Customer Service isn’t overrated, but it is close to dead in too many places.
Recently I had the opportunity to have my vehicle serviced for the first time since I got it. My wife and I also had the opportunity to purchase a new desk and chair for our “study” from a local company. What happened here was truly a dichotomy in terms of customer service and some excellent education that I took away for my team and hopefully you can find something useful for yours.
They cared about my customer experience, my car, and it showed!
We like to purchase locally as it is important to support our local economy from which both of us benefit. As such, I love working with the local Toyota dealer in particular. The owner and his team take customer service to a whole different level. For example, when I call up and ask for an appointment, they follow up with an email and electronic calendar invitation so I don’t have to remember to add it myself. Another example of taking it that next step . . . cookies! Yes, they bake fresh cookies each day that they set out along with very nice coffee (not something that has been sitting in a pot for hours smoldering and burning).
On this particular day they had a lady setting up a chair to provide free massages to their female clients. Tuesday is “Lady’s Day” and they apparently do this regularly. What was most important to me was that they honored my time, provided a place for me to work, and thanked me for my business. It is a wonderful place to do business because they make it so easy for someone that seems to always have too much on his plate.
Last, the dealership took an extra step and washed my car for me, even though it was snowing, cold, and there was salt on the roads. Yes, my car was going to get filthy by the time I was a mile away but they cared about my customer experience, my car, and it showed!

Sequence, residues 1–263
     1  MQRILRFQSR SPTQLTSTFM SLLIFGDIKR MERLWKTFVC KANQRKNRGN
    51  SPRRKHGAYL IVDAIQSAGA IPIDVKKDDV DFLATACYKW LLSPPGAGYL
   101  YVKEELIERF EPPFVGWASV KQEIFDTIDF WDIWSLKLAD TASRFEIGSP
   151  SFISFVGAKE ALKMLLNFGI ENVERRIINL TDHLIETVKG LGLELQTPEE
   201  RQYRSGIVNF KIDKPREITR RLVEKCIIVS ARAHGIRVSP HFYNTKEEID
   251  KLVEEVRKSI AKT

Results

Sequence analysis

The other experience . . . was not so pleasant.
Again, we found a local company that provides fresh cookies and somewhat fresh coffee – good start, right? But this company didn’t follow through very well, from our perspective. While the sale went okay -nothing spectacular, nothing offensive, the service afterwards certainly gave us pause enough to consider “buyer’s remorse.”
Instead of getting an immediate call back when leaving a message for the service coordinator, we waited two days as the employee didn’t call the right person as requested in our voicemail
Delivery of the furniture, service to the furniture, and returning phone calls timely all were lacking. It appeared a quality check of the desk was missed prior to delivering it to us, hence the service call request. Instead of taking an additional step and setting an appointment for us, we had to call and request an appointment. Instead of having an exact time, we got an estimate: somewhere between 1:00 – 4:00. And instead of getting an immediate call back when leaving a message for the service coordinator, we waited two days as the employee didn’t call the right person as requested in our voicemail.
My wife and I are fairly easy-going. We both work in the service arena in different capacities so we see the opportunity cost of quality customer service. Most of all, we want to get along easily as we have busy lives.
Here's what I took away from this shopping experience (that you and your business should benefit from):
- Make it easy for customers to set up an appointment that is convenient for them and be as precise as possible, given the product/service provided.
- Treat the customer as if he/she was the most important person at that moment . . . because he/she is!
- Follow up, timely . . . make sure that your client feels like he/she received more than what he/she paid for.
- Do more than is expected – exceed customer expectations.
As a post script – the guy that the furniture company sent out to fix the desk lid just left. He did a great job of fixing the desk and ensuring that all of it worked for me. He was diligent and careful and spent nearly two hours working. In the end, he likely saved that company from losing us . . . guess I need to let them know.